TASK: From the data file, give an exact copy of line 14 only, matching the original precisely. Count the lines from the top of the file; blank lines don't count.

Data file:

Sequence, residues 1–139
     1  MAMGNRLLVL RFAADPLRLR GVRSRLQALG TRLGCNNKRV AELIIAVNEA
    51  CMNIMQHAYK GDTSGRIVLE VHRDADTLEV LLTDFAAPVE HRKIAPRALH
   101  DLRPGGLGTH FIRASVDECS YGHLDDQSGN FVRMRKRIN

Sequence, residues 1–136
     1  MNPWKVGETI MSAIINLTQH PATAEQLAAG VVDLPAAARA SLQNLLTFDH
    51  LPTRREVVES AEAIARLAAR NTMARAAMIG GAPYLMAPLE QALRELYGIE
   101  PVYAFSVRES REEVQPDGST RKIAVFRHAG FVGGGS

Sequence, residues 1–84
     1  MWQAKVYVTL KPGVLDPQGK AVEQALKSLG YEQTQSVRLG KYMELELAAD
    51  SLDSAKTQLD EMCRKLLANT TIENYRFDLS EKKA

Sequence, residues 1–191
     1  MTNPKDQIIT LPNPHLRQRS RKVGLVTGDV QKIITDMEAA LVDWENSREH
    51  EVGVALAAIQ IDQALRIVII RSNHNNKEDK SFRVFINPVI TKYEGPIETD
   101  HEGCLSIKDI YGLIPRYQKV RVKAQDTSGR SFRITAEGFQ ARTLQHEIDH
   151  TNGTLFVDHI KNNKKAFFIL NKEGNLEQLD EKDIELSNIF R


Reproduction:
    51  EVGVALAAIQ IDQALRIVII RSNHNNKEDK SFRVFINPVI TKYEGPIETD